Part 5 of our Physician Recruitment ROI Series. Just arriving? Start here!
If Return on Investment is the tip of the iceberg, what’s beneath the surface of the water? We’ve written a lot about measuring the Return on Investment (ROI) of your recruiting tools, but there’s a new concept in marketing and now recruiting that just as important: Return on Impression.
Today’s high-tech landscape complete with automation means you can drive a lot of active candidates to apply for your positions – making it easy to create a shortlist of candidates for your funnel. But if you're only tracking the monetary ROI you just might miss out on the big picture.
Return on impression, or what Doximity Talent Finder calls Summary Views, is a soft metric, but it’s another powerful way to measure your recruiting performance because it encompasses engagement and opportunity. Quite simply, Return on Impression is the perception people have of your company. Just as marketing customers build feelings and emotional connections to brands, recruiting builds a connection with candidates. Are the candidates you're working with saying good things? Ask for feedback, watch social media recruitment channels, and make sure you’re offering a great candidate experience.
You could think about Return on Impression this way: recruiting and hiring is a stressful prospect for both sides. You’re investing in resources to find the best physician candidates, and physicians are putting themselves out there to find the best jobs.
Sanja Licina, Ph.D. and Senior Director of Talent Intelligence at CareerBuilder says, “From the second job seekers are viewing your job ad and applying to your company, they are forming an opinion of who you are as an employer and as a business. One bad applicant experience can have a ripple effect with candidates not only vocalizing their dissatisfaction with how they were treated, but encouraging others not to apply or even buy products from that company. It’s so critical that your employment brand effectively carries through at every touch point with candidates.”
Sometimes gauging candidate perception is easy. You might get a comment or complaint via email, or a comment on your organization’s website. In other words, don’t just track what candidates are clicking, find out what they’re saying. If you have more responses than usual to a job post, you know there was a positive perception, and from a brand-building and impression perception, that’s good.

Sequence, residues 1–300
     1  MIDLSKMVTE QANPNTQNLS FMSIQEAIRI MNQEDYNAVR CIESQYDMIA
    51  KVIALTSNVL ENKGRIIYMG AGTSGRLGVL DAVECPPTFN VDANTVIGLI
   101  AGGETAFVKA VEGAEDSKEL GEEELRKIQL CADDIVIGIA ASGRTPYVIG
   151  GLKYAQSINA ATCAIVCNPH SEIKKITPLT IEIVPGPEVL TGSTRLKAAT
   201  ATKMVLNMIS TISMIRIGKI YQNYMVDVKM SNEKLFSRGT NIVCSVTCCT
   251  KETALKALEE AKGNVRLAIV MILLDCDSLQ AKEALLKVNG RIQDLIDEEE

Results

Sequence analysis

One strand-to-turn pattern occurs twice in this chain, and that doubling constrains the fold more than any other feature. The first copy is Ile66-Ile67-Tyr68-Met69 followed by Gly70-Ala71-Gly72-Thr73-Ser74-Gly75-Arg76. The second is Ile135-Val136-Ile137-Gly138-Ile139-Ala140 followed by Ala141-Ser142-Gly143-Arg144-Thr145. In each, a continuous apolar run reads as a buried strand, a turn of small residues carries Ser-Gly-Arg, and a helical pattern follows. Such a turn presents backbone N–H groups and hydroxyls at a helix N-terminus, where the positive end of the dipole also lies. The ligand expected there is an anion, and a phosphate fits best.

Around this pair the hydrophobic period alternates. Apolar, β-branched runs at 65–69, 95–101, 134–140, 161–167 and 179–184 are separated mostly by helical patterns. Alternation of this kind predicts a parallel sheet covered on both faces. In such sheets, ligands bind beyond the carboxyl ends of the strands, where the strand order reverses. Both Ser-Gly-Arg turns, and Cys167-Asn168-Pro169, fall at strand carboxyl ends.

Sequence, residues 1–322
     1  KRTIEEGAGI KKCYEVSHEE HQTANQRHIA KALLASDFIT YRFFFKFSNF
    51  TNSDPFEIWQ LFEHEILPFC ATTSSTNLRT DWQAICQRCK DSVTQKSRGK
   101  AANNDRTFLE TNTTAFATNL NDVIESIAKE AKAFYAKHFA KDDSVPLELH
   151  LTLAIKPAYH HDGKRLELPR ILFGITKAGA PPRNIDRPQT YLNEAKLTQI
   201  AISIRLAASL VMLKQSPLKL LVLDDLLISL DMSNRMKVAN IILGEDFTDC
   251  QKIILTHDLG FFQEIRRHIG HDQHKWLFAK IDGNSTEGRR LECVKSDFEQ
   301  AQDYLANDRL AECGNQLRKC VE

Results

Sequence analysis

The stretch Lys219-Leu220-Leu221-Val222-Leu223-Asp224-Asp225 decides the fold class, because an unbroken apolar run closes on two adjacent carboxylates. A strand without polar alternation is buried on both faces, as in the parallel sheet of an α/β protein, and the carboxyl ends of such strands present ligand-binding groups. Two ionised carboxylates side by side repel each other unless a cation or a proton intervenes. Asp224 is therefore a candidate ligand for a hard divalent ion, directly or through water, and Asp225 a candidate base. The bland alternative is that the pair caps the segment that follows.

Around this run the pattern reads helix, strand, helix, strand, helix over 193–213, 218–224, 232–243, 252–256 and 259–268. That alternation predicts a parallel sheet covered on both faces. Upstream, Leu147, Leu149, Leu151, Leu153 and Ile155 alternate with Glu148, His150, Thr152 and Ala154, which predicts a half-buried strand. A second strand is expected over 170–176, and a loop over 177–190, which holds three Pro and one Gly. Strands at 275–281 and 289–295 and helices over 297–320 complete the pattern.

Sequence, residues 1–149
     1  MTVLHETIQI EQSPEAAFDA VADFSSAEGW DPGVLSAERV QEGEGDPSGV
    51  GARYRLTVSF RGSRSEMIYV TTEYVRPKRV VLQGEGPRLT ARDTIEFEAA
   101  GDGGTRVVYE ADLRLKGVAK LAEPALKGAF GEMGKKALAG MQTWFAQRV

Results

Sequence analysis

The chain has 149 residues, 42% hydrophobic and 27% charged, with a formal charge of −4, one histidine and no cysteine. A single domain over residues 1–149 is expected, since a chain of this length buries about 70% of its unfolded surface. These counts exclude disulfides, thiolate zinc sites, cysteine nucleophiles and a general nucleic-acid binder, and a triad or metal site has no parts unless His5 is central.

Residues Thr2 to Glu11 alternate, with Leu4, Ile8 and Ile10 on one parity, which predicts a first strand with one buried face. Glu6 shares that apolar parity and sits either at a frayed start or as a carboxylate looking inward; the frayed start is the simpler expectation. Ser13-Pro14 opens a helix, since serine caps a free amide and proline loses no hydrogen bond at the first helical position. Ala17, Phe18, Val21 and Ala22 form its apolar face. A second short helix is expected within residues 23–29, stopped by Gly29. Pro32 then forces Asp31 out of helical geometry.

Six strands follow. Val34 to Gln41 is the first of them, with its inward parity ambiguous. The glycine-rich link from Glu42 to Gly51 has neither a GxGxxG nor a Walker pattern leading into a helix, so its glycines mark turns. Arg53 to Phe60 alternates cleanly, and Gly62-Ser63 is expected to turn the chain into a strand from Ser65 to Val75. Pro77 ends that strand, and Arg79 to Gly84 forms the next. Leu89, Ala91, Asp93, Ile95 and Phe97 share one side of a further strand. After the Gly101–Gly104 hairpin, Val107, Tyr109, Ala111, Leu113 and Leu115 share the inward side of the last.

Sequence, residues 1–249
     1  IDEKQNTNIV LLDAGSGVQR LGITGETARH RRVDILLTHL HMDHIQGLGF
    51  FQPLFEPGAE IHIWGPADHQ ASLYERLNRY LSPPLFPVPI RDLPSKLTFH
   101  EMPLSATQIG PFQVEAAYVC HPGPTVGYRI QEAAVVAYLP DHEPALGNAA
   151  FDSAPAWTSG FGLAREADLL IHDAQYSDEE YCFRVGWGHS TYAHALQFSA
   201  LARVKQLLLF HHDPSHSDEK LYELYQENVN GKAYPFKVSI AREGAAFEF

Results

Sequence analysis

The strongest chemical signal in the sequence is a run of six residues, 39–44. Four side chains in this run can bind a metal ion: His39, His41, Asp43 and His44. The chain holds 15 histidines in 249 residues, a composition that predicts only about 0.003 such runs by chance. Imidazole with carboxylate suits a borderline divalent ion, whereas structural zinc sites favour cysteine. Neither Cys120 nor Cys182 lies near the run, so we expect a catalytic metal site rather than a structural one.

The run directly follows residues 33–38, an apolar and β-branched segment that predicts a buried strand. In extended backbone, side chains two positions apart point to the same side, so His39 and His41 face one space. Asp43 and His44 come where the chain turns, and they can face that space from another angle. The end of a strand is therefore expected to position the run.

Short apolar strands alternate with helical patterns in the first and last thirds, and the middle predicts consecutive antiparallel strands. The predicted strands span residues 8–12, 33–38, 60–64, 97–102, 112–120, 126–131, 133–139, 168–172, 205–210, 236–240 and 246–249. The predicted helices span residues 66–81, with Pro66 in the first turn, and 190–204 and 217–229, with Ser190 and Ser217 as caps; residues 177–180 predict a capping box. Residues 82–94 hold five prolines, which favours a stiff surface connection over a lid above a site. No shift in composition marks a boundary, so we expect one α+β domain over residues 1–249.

This brings us to another important soft metric that’s vital to your ROI (both Return on Investment and Return on Impression): candidate experience. The experience you create throughout the sourcing and recruiting process is a reflection on your organization. Candidates assume their experience reflects the culture, professionalism, and quality of your organization. What’s more, when you create a positive experience, candidates are likely to tell their colleagues and friends about it.
How do you create a great candidate experience (and a high Return on Impression)?
Use a clean user interface on your website and extend that experience seamlessly to mobile (physician candidates are using phones and tablets for job searches) and make the process for applying and uploading CVs as simple as possible. Go through the process yourself as if you were a candidate. Is it seamless and user friendly? Believe it or not, 95% of recruiters say the candidate experience impact their employer brand. And as we’ve pointed out throughout this series of articles, your employer brand is important for your recruiting ROI.
The most important thing to remember about a candidate experience is this: a good one may not change every recruiting outcome, but a bad one might very well be a pox on your employer brand for a long while. A good experience can net you more referrals, and it’s a fact that referral hiring nets better physician candidates who are more likely to stay.
We hope this article has helped you understand the value of your recruiting efforts – and costs. Remember, calculating the ROI of your recruiting tools is simply a method for understanding how the money you spend translates to measurable recruiting results. If you know what you’re spending and what you’re getting for your money, you can improve your recruiting efficiency. A truly successful physician recruitment strategy ultimately depends on the quality of people you hire, but that all begins with measurable data. Successful recruiters learn the best sources for great candidates, and they become more effective at finding the most qualified candidates in the shortest amount of time.
We created a easy to use calculator to help you calculate the ROI of your recruiting tools. Simply click on the green button to get it now.